- Lump sum if the plaintiff requires special medical equipment or modifications to their home.
- Lump sum upon successful graduation from a vocational retraining program, followed by scheduled payments.
There are countless ways to structure payments, including lump sums, to optimize the settlement. An experienced personal injury attorney can help negotiate these terms.
Consulting Trusted Personal Injury Attorney
Because settlement decisions are complex and critical to long-term financial well-being, consulting with trusted experts is highly recommended when lump sum payments are on the table.
- Work closely with your personal injury attorney – An experienced lawyer understands structured settlements and can help you negotiate a favorable settlement agreement with the best mix of lump sums and annuity payments.
- Talk to financial planners – Reputable financial advisors can provide guidance on how best to utilize lump sums based on your overall finances, investment experience, and risk tolerance. Their input is invaluable.
- Connect with settlement planners – Settlement planning experts help customize the payment schedule to match your specific needs and goals. They can incorporate lump sums at optimal times.
- Seek tax advice – Since using lump sums improperly can result in tax liability, get input from a tax professional on how to structure the settlement while preserving tax advantages.
With trusted guidance from the right experts, plaintiffs can make informed, smart decisions about whether to accept lump sum payments as part of a structured settlement.
Structured settlements provide valuable long-term financial security for plaintiffs with ongoing medical expenses and reduced earnings due to personal injuries. While structured settlements traditionally involve only recurring annuity payments, they can also incorporate lump sum payments in many cases.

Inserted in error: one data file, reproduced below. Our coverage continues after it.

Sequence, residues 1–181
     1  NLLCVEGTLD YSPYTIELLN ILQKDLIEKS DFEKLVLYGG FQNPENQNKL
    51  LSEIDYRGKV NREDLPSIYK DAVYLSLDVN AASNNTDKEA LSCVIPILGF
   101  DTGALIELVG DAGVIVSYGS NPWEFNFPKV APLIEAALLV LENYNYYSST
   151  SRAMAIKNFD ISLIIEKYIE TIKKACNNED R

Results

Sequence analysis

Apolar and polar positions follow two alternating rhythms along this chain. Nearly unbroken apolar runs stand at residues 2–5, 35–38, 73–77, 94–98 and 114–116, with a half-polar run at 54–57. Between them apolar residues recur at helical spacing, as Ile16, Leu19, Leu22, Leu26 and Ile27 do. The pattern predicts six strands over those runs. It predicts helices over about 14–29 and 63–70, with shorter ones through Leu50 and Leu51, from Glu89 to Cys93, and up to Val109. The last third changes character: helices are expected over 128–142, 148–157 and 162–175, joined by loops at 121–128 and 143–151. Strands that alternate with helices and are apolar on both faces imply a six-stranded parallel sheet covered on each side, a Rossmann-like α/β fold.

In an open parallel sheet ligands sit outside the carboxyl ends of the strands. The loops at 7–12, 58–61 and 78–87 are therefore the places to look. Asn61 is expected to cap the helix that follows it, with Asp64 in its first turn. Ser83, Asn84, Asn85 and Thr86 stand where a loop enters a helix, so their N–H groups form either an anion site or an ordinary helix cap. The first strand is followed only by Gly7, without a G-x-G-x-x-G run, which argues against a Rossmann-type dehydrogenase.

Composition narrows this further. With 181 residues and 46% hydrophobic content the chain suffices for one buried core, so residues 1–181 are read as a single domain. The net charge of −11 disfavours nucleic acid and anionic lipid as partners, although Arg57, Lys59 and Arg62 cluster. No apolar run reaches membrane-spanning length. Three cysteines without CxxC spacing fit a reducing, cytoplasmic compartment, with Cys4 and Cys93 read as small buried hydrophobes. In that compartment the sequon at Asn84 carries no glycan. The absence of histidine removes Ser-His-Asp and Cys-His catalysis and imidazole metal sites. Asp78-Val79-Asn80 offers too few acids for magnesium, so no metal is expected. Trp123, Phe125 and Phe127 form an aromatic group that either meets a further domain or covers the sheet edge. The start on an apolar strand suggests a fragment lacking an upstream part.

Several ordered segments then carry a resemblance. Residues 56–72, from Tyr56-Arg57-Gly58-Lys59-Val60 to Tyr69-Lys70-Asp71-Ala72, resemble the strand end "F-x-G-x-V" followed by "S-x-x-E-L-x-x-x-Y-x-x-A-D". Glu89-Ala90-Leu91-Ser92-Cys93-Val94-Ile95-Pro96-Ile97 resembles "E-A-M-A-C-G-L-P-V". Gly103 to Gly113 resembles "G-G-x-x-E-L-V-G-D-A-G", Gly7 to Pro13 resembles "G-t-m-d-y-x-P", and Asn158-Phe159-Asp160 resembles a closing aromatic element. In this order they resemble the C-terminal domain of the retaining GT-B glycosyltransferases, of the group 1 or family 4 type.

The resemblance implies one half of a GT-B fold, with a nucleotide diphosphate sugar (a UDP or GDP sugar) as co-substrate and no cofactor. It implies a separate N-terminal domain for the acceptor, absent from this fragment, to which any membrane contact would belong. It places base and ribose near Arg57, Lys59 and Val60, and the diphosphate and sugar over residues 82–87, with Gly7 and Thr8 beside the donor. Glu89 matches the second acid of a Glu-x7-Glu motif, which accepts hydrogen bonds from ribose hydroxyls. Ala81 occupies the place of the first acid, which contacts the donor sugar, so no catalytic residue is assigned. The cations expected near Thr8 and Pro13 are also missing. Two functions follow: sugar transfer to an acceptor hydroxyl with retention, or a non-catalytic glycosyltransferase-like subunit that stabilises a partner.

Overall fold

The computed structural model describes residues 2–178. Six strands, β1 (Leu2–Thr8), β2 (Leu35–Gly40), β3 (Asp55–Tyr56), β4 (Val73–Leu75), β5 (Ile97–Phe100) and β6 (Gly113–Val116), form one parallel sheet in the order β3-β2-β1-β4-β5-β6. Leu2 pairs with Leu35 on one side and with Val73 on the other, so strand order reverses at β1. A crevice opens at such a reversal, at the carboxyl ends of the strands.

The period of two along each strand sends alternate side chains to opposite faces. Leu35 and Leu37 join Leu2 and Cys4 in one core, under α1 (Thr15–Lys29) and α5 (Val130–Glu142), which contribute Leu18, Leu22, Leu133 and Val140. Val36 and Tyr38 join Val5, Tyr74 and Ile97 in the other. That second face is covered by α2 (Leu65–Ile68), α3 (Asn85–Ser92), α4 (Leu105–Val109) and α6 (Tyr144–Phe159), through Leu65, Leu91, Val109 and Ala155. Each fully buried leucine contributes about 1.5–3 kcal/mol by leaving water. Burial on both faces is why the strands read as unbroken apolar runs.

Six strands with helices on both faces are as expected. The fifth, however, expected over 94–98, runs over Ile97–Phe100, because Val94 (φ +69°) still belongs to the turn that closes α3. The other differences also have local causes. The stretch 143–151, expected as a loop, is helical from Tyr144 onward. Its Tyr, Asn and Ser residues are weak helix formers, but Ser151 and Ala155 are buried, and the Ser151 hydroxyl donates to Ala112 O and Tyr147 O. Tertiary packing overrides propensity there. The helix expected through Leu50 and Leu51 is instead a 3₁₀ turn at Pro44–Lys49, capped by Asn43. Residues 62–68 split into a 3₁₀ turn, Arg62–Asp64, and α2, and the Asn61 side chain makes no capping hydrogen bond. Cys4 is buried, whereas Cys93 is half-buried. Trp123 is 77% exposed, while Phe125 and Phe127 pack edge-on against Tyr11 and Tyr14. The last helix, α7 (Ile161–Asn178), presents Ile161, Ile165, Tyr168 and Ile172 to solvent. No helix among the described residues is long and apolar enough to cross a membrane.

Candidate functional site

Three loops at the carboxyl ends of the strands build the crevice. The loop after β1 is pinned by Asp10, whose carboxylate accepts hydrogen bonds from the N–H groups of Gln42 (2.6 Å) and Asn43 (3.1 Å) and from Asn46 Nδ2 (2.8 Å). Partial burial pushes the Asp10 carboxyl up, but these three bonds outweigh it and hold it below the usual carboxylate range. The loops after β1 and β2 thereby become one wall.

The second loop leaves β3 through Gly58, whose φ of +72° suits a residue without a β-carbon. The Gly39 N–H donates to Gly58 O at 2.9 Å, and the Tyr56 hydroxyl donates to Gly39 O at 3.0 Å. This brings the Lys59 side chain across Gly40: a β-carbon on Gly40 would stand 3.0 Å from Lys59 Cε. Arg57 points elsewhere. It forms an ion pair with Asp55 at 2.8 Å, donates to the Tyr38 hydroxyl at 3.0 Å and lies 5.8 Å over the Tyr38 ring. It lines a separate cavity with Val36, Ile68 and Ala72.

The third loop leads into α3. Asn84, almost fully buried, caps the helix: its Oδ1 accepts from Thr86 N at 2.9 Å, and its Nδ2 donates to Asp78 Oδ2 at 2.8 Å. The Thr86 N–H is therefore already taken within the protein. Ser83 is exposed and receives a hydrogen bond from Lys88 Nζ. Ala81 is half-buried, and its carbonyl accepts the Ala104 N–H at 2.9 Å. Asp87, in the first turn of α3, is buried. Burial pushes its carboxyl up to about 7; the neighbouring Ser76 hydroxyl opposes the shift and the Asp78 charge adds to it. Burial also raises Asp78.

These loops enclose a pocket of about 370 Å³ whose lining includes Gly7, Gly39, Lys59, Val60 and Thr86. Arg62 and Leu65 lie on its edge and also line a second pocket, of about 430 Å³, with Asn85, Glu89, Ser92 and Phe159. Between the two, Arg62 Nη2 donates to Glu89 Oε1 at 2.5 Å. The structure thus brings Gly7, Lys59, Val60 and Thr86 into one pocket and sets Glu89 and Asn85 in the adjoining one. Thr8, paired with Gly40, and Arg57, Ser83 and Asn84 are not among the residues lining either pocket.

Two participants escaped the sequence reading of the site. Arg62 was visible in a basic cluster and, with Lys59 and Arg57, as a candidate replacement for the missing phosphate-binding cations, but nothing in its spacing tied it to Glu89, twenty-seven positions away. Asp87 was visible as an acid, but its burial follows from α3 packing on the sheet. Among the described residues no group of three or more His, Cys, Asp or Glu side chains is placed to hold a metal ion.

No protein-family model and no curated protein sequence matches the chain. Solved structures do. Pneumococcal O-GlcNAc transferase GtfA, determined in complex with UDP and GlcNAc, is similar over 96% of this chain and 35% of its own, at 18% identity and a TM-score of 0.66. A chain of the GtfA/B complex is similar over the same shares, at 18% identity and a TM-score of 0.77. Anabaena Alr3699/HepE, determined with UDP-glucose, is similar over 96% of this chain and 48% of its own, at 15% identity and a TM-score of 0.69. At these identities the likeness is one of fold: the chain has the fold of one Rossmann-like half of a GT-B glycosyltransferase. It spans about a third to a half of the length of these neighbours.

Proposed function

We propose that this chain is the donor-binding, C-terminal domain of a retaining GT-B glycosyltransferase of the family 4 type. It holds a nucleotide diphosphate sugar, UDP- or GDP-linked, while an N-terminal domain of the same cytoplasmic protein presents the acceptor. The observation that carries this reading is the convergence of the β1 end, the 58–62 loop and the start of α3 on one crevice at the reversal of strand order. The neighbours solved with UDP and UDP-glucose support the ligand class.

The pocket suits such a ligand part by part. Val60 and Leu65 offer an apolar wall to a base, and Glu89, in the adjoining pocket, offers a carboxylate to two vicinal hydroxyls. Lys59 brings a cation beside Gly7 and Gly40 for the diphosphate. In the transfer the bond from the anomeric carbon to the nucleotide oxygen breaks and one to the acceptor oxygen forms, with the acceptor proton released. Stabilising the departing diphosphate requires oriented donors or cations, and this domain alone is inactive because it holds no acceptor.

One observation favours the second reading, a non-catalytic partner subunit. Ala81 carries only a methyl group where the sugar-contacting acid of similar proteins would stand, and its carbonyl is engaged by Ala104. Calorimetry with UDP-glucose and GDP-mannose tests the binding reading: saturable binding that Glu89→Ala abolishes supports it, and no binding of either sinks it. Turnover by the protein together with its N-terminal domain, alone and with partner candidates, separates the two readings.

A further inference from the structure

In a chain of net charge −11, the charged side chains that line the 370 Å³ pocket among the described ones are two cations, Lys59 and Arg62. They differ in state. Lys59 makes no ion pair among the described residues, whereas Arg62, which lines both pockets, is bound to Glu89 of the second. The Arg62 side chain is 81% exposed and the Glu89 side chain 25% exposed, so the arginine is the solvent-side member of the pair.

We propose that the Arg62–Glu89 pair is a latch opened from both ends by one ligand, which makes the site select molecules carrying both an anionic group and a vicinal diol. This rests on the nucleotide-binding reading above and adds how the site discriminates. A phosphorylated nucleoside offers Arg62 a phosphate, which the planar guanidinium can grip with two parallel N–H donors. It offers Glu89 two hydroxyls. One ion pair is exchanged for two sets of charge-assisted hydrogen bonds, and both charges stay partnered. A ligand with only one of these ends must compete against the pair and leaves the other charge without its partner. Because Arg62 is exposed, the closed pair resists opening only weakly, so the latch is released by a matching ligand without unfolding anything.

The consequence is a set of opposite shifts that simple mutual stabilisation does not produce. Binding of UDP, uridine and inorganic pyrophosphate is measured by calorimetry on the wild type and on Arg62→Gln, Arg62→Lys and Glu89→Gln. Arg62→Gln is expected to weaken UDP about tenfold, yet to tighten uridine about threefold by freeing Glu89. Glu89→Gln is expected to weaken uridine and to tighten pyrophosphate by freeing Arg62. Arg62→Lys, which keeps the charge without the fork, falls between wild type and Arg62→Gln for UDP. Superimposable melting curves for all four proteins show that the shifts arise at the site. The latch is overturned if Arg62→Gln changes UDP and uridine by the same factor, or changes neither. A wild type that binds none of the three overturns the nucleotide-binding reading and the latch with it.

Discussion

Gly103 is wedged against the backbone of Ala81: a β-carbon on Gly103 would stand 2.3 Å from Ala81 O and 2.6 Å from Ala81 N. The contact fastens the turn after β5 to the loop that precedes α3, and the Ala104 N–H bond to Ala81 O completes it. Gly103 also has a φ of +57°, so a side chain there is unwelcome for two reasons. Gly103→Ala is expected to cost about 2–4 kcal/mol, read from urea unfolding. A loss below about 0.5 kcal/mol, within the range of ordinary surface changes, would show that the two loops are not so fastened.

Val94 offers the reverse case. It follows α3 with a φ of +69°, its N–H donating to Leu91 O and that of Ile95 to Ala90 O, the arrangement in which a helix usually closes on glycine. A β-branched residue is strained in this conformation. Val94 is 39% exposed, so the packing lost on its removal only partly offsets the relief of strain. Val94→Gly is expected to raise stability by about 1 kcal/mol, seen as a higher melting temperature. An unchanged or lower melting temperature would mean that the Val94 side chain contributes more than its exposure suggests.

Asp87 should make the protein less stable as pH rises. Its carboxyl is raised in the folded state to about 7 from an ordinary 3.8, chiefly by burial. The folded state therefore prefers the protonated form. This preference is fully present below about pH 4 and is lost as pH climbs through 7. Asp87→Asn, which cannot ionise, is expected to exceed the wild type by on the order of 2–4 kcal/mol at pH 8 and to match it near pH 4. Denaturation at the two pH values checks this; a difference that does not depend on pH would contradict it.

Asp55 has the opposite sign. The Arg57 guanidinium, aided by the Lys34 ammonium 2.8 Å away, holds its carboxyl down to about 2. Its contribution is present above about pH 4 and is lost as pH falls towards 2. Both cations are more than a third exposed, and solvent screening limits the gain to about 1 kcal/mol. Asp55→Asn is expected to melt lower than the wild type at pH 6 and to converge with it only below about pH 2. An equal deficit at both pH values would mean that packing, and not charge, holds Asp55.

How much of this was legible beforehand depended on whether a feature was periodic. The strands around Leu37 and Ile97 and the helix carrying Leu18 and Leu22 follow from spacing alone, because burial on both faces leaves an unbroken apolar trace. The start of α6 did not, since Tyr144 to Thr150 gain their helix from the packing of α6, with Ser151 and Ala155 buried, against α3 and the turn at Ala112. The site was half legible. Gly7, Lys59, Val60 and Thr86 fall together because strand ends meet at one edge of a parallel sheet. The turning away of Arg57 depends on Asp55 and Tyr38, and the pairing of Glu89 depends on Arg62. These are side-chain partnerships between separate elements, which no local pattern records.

Lump sum payouts give plaintiffs some immediate funds to cover pressing expenses and provide additional flexibility over time. However, lump sums also come with financial risks if used improperly.
Hence, we will advise you to consult an experienced personal injury attorney, financial advisor, tax expert, and settlement planner to customize the terms and determine if lump sums in your structured settlement make sense.
Bara is a seasoned expert in the structured settlement and annuity field, with a successful career in structured settlement factoring. Her experience spans prominent companies such as J.G. Wentworth, Peachtree Settlement Funding, and Liberty Settlement Funding, where she managed substantial marketing campaigns. Constantly updating her knowledge, Bara is committed to providing exceptional experiences and maintaining her position as a trusted professional in the industry.